The politics of securing two-thirds support required a complex strategy, which was evolving right up to the final votes in the evening of July 17. The legislative package – put together by Gov. Brown, Speaker Anthony Rendon, and Senate President Pro Tem Kevin De León – needed to win approval included three different bills, each serving a different purpose and geared to a particular constituency. The main vehicle, AB 398, extends the cap and trade program to 2030. It also includes some incentives for industry, such extension of a sales tax exemption on equipment for manufacturers. The bill also removes the fire prevention fee imposed on rural residents. These additions were key to securing industry support – and Republican votes, which it became apparent would be needed to reach the two-thirds threshold. The second bill, AB 617, focuses on air quality monitoring and strengthening efforts to combat criteria pollutants in local communities and hotspots. This was critical to addressing objections from environmental justice groups that cap and trade did not address local pollution problems.
Finally, there was a Constitutional amendment, which will go to the ballot for a vote by the people. ACA 1 was developed by Assembly Republicans and negotiated with the Governor’s office. The measure requires the Legislature to get a one-time, two-thirds vote to expend greenhouse gas reduction funds – generated by the auction of allowances under cap and trade – in the year 2024. This amendment was a safeguard for Republicans to ensure they have a seat at the table at the midway point in the program, and a necessity for obtaining bipartisan support for the entire package. Ultimately, AB 398, extending cap and trade, received one Republican vote in the Senate and eight votes in the Assembly.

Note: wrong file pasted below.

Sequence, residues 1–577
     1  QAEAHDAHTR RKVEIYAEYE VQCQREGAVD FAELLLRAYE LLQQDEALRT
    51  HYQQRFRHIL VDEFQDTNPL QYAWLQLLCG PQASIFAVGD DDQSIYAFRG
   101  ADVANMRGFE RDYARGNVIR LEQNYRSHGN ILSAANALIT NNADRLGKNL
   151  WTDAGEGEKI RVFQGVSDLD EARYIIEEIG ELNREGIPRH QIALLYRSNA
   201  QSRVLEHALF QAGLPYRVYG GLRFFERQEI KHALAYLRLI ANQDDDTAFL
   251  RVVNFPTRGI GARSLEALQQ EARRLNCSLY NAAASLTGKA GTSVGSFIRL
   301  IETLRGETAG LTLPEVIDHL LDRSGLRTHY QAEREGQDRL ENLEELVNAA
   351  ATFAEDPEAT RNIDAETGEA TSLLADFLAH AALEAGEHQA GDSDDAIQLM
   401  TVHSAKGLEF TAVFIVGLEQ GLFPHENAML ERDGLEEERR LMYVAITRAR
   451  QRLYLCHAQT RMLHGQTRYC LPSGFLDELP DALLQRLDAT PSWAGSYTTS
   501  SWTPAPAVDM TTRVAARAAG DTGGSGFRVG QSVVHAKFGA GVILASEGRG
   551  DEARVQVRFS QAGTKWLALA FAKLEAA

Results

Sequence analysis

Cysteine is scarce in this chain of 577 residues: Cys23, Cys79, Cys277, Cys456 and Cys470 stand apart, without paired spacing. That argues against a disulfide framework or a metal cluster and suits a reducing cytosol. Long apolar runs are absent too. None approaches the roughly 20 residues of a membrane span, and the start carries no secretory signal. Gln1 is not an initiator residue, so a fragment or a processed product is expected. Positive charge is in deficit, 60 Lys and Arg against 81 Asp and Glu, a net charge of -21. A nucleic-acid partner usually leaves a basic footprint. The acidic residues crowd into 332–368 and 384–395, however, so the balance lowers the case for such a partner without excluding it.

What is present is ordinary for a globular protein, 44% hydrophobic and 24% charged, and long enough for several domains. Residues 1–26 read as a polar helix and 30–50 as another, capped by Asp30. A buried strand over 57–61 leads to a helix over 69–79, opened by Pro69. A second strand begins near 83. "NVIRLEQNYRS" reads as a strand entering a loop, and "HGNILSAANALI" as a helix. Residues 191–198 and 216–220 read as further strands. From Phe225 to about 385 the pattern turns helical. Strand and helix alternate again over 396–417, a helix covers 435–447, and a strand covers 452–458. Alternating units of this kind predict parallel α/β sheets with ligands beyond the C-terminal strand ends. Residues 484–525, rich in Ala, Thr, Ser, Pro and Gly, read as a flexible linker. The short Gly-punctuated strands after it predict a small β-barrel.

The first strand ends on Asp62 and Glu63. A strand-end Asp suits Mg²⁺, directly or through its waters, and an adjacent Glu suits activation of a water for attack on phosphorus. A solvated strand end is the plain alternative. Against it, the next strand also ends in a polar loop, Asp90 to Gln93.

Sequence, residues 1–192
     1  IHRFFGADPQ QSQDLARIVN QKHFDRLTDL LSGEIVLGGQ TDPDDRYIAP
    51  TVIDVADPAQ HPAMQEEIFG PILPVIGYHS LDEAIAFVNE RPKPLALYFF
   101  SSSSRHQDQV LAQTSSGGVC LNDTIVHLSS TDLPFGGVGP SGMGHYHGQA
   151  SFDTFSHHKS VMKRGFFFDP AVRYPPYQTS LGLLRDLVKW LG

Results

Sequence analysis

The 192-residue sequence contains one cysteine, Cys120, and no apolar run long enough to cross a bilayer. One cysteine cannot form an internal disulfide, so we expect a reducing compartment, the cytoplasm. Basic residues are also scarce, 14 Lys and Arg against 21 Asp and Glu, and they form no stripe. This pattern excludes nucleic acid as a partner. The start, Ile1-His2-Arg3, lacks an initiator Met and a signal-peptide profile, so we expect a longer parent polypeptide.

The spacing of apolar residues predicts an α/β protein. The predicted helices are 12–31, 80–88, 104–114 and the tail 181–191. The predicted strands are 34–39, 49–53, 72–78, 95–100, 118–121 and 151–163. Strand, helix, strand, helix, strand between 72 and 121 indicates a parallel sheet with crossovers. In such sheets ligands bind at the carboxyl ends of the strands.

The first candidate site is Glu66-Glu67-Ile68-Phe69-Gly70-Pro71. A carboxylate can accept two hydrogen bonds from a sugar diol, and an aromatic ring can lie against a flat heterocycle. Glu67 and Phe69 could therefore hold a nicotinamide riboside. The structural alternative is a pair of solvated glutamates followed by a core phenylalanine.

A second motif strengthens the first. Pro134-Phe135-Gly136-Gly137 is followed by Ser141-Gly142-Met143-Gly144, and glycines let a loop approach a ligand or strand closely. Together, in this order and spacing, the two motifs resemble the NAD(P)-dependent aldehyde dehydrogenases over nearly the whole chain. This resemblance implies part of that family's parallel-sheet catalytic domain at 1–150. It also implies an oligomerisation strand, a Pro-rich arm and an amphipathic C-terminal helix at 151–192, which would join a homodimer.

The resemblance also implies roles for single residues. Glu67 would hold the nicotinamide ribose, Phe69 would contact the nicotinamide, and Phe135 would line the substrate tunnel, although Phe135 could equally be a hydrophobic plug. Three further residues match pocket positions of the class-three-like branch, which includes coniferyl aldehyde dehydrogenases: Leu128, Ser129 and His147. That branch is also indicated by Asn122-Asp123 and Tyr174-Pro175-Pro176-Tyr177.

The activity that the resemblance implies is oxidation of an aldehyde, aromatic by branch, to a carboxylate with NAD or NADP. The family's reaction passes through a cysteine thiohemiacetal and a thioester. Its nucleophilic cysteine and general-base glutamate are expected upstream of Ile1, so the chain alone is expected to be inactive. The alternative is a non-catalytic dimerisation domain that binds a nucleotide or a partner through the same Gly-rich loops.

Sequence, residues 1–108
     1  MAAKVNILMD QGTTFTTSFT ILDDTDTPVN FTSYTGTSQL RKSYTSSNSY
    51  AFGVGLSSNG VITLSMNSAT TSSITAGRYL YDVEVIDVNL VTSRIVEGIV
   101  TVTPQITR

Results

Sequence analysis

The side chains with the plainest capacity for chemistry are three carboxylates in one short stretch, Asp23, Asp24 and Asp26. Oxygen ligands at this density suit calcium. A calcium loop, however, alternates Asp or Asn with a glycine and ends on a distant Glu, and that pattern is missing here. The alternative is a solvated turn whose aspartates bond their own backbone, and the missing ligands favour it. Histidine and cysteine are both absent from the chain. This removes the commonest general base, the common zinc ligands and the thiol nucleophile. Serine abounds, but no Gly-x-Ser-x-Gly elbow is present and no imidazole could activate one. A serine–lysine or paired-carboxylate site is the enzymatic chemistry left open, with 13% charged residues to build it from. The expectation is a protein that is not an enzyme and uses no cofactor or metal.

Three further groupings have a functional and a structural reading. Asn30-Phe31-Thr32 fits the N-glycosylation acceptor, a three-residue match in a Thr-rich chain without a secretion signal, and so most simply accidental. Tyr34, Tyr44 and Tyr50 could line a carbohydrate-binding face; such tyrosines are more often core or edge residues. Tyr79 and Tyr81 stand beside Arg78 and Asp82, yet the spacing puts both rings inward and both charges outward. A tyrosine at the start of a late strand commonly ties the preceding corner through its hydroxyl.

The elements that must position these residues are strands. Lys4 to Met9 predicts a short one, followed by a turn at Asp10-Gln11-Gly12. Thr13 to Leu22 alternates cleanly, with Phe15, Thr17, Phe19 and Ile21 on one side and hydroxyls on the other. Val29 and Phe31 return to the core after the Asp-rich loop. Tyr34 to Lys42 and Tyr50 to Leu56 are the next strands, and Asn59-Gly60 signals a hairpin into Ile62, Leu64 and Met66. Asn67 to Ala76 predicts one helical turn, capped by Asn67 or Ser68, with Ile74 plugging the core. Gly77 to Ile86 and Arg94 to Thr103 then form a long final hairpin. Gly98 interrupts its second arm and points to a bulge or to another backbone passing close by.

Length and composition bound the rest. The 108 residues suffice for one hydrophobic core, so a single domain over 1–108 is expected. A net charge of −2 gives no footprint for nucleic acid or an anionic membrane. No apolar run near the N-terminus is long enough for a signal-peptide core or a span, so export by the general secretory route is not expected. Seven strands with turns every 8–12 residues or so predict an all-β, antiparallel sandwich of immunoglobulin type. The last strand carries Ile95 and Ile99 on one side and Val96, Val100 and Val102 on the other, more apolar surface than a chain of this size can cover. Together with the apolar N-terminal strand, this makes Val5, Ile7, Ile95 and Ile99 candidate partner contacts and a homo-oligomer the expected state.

The effort brought together a rare alliance. The California Manufacturers Association, CalChamber, AEE, EDF, and our respective lobbyists were all on the same side in the last week. This doesn’t happen often, but it is proof that different industry groups can work together, and that bipartisanship is still possible in California.
It is also clear that AEE has brought something new to the political equation in Sacramento. It is not just us, but also legislative leaders, who cite AEE’s jobs numbers for the state. An industry that supports more than half a million jobs in the state is significant and gets noticed.
Our members played an important role on the way to the final votes. We held countless roundtables and meetings with leaders from the Senate and Assembly on both sides of the aisle. But our work is not done. Understanding the advanced energy opportunity and impact in the state will be just as important as we move to the next phase – implementation of the bill package. For that, AEE will continue to work with state policymakers. While we should all be relieved that California is on track with cap and trade going forward, it is important for AEE and our members to stay engaged, involved, and working to create an advanced energy economy in California.